We are publishing an article by a close sympathiser of the ICC in India, responding to the notorious rape and murder of a young student in Delhi. It is followed by comments by two other women.
By announcing the forthcoming adoption of a law authorising gay marriage, the French government has provoked a series of mobilisations and media debates where everyone is asked to choose their camp : ‘for’ or ‘against’ gay marriage. The same thing has happened in other countries: in Britain David Cameron’s proposal to legalise gay marriage has created deep divisions in both the Tory party and the Anglican Church (which had already been convulsed by the scandalously radical idea of allowing gay priests and women bishops).
David Cameron has had a busy start to the year. In early February he visited Libya and Algeria. A couple of weeks later he was in India with the largest trade delegation ever assembled by a British Prime Minister. Before that he had given the long-awaited speech on Europe in which he finally promised a referendum after the next election. What does all this tell us about British foreign policy?
With the so-called ‘Arab revolutions’ celebrating their second anniversary, the riots and mass demonstrations of the last few months and weeks in Egypt and Tunisia are a reminder that despite the departure of the dictators Ben Ali and Mubarak, nothing has been resolved. On the contrary, the economic situation has got worse, bringing growing unemployment, poverty and attacks on the working class. Meanwhile the reigning authoritarianism, the violence and repression being handed out to the demonstrators, is no different from what went on before.
The average worker has lost around £4,000 in real wages over the past three years. In 2017, real wages are predicted to be no higher than their 1999 level. And although there has recently been a 7.8% fall in official unemployment figures, there has been an increase in involuntary part-time working and a sharp drop in productivity.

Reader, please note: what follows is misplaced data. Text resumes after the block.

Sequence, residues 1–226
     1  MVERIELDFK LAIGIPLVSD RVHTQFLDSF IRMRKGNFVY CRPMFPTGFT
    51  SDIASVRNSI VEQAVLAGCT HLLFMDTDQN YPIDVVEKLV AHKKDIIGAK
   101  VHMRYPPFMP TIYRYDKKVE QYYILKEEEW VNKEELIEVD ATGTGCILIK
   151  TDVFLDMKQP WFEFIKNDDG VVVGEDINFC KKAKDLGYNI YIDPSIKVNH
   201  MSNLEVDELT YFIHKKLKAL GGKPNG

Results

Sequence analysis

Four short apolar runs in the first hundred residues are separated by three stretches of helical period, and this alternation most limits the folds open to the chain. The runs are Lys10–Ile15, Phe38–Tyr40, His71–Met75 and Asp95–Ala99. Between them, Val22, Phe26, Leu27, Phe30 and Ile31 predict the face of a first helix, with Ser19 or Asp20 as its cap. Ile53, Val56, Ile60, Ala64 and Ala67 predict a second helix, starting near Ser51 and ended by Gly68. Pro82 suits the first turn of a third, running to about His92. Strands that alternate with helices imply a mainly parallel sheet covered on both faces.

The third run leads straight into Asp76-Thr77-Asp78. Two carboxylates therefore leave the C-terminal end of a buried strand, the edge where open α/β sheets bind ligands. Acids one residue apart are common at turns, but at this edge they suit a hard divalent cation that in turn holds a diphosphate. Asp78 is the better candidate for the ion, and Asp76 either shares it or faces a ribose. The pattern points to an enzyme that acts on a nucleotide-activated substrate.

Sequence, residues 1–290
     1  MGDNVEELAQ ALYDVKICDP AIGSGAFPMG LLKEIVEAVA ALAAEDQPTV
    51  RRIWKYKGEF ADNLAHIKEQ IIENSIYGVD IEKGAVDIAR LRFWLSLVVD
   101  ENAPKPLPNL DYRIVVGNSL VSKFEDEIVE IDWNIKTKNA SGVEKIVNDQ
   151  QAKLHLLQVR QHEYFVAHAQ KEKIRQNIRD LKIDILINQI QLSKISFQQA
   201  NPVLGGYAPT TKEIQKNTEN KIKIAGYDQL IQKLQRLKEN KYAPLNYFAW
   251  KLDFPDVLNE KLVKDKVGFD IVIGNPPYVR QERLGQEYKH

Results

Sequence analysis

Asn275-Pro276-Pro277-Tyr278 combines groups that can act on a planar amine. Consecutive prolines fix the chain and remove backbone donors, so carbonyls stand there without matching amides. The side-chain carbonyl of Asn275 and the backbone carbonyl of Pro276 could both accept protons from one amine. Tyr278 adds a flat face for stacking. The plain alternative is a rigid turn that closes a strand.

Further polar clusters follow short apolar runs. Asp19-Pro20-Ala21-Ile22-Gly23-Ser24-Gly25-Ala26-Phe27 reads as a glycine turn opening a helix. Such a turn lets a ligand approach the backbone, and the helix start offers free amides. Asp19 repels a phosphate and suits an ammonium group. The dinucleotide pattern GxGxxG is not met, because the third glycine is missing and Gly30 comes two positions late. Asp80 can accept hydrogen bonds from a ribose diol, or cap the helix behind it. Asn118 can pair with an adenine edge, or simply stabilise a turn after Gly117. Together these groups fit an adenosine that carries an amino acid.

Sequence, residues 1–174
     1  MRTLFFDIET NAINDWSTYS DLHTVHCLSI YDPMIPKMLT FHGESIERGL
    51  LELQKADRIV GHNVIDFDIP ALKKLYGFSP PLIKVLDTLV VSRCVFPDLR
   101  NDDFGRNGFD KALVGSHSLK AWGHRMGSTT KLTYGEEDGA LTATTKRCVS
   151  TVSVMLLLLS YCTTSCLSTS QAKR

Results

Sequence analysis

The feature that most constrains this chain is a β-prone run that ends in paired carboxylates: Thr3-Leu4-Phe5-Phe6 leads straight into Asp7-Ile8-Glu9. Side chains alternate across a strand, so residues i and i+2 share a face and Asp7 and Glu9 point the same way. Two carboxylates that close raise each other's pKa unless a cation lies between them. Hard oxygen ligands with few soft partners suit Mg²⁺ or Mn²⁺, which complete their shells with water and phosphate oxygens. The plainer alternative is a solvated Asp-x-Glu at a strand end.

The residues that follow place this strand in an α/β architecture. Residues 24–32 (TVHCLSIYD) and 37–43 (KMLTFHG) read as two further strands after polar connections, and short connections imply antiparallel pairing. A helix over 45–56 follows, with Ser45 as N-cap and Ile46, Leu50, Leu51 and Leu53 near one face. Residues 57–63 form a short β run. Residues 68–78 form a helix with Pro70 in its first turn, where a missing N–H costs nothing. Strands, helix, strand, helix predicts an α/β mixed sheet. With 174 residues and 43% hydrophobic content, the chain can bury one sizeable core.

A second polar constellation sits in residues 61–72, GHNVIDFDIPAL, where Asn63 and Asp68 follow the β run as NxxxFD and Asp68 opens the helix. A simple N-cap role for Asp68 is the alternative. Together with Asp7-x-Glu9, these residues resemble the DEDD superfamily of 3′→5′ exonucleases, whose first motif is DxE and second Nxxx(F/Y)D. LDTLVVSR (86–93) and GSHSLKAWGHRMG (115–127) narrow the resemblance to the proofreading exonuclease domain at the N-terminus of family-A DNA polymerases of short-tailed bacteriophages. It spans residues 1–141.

After a delay which has been much longer than we originally intended, we are resuming the third volume of the series on communism.
We have published a postscript to an article in International Review 149 that takes int
The aim of the original article was to respond to the widespread trend among a number of currents in or around the revolutionary movement to reject the notion of capitalist decadence, a foundation stone for the class positions contained in our platform. We pointed out that this tendency has affected elements in the communist left as well as those coming from anarchism or ‘libertarian’ versions of marxism.
There is much talk now in all sorts of bourgeois media all over the world about the glory and resurgence of the ‘emerging’ countries and their economy. The media is never tired of highlighting that these countries are turning out to be the new locomotive of the global capitalist economy. The significance of their role in resolving the intensifying crisis of world capitalism is also being asserted ceaselessly. There is also talk of the shifting of the balance of economic power and importance towards the emerging countries such as China, India, Brazil etc. These countries are becoming more and more important to world capital.
In the previous article in this series, we saw that sport concentrates nationalist ideology and that it is an instrument at the service of imperialism. It expresses all the monstrosity of decadent capitalism.